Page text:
Themed "COTTON USA: Travel in Comfort with the Cotton the World Trusts," Cotton Day brought together COTTON USA licensees and travel industry buyers invited by the China Tourist Hotel Association (CHTA).
"Global hospitality players are tailoring their offerings to provide hotel guests with home comforts, outfitting guest rooms with textile product made of natural fibers," CCI Executive Director Bruce Atherley said. "The objective of COTTON USA is to be the supplier of choice for brands and retailers who are committed to only buying cotton that is produced with sustainable and responsible environmental, safety and labor practices. We want to make a difference and drive change, to make the world a better place for future generations."
As of May 25, more than 180 print and online trade publications have reported on the debut of Cotton Day in China. Held at Beijing's boutique Hotel clat, Cotton Day featured a workshop, mini-fair and main event. COTTON USA transformed two hotel suites into showrooms to display U.S. cotton-rich hotel bedding, toweling and amenity products from 13 COTTON USA licensees. A discussion about sustainable hotel procurement with 30 members from the China Tourist Hotel Association, including representatives from global hotel chains, also highlighted the advantages of using U.S. cotton in hotel products to increase durability and reduce costs.
Atherley kicked off the new "COTTON USA - The Cotton the World Trusts" global campaign at Cotton Day China. The event also featured a travel-themed runway show, where six licensees (BIB, Byford, Devil Nut, Indigo Tank, JNBY and le coq sportif) showcased fashionable and comfortable travel apparel made of U.S. cotton. The finale featured "Travel in Denim" by Chen Wen, the most influential denim designer in China, whose collection had support from COTTON USA, Indigo Tank and the 125-year old classic American denim company, Cone Denim.
"We have great appreciation for everything that COTTON USA has done over the years," said Zhang Hua, vice general manager, Jiangsu Sidefu Textile Co., Ltd. "They share our corporate values, and we are very proud to be licensed by CCI and begin our partnership this year. We are glad to see that many consumers have also shown an interest in our products at the Hotelex Expo. They know what good quality means."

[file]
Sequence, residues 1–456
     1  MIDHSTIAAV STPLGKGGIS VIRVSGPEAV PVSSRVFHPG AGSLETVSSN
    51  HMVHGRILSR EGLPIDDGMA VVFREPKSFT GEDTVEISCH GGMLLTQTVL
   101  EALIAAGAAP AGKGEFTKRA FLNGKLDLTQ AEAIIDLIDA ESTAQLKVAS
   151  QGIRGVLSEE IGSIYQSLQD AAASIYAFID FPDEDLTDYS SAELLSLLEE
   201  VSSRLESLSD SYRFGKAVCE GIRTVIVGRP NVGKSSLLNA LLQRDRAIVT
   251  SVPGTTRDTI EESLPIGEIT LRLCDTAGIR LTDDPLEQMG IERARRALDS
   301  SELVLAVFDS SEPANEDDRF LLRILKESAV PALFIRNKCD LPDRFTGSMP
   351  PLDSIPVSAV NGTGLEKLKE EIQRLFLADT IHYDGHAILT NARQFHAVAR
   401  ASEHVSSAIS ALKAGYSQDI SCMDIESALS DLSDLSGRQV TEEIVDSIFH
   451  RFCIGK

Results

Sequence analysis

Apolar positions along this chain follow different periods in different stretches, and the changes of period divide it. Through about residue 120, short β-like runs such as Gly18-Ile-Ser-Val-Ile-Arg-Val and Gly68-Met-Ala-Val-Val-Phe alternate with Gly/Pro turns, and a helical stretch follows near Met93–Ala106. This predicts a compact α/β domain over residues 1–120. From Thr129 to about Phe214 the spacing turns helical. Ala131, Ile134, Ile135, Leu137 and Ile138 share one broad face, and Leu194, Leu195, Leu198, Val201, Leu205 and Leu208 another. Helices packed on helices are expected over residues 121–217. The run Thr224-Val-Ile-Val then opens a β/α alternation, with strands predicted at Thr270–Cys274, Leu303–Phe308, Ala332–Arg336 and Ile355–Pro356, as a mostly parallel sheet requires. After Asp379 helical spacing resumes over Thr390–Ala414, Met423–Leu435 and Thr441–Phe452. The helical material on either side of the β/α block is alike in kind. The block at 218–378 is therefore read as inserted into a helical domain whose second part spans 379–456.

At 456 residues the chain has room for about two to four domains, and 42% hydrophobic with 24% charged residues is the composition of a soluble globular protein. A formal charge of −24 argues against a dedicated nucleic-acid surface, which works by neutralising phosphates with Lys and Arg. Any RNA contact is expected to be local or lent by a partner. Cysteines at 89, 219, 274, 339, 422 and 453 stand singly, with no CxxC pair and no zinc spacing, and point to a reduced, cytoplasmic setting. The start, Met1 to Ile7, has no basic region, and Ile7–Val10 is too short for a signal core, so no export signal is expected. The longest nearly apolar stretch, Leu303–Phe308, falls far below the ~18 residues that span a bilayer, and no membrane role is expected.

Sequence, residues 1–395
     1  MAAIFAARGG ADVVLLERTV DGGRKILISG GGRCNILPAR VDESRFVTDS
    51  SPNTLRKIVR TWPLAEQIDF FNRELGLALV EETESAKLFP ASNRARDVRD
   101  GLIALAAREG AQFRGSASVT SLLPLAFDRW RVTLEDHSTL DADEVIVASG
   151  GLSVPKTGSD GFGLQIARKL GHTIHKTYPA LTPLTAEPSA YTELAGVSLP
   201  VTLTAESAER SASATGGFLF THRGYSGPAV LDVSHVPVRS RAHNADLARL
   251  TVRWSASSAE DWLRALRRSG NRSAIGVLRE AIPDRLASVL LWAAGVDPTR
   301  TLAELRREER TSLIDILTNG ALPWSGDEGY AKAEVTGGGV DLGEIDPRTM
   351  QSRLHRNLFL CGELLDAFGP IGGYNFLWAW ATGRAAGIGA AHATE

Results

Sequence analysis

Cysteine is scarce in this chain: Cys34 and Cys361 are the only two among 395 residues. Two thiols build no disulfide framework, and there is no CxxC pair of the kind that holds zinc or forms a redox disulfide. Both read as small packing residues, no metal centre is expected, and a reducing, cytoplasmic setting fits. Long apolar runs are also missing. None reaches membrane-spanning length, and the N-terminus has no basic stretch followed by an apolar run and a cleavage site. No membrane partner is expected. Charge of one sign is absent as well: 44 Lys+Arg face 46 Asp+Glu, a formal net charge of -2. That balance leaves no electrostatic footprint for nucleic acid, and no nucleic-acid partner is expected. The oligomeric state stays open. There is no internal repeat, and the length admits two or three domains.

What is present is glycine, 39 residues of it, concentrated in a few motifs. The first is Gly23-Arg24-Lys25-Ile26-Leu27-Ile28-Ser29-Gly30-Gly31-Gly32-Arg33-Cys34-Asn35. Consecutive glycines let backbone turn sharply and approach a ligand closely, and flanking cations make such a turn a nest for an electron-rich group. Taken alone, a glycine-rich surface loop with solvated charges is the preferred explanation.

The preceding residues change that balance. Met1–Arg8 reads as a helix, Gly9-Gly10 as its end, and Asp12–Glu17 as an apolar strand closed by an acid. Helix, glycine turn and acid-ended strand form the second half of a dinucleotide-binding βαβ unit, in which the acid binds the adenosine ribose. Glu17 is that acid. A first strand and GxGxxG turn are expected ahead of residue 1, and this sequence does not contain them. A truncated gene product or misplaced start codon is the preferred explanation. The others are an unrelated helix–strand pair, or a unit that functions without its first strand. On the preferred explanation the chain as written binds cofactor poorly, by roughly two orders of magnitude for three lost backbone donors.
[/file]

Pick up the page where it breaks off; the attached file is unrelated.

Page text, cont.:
Mdm. Gao Fang, director of Cotton and Jute Bureau of the All-China Federation of Supply & Marketing Cooperatives ACFSMC, and executive vice president of the China Cotton Association; Mr. JING Shenquan, deputy secretary general of the China Cotton Textile Association; Ms. CAO Xuejun, the deputy director general of the Department of the Consumer Goods Industry under the Ministry of Industry and Information Technology; Ms. ZHAI Xueling, director of Market and Trade Research Office, Research Center for Rural Economy of Ministry of Agriculture; and Mr. Mark Ford, director of the Agricultural Trade Office (ATO) in Beijing, also attended the event.
Registration continues for the 37th session of the Texas International Cotton School, set for August 7-17, 2017, in Lubbock.
The TICS is uniquely structured to provide an integrated understanding of the Texas cotton industry and how it interacts with the global cotton/textile complex. The intensive two-week program covers all aspects of cotton, from the field to the fabric.
For more information, including tuition and curriculum, visit http://www.texasintlcottonschool.com or call Christi Chadwell, TICS coordinator, at (806) 834-8124.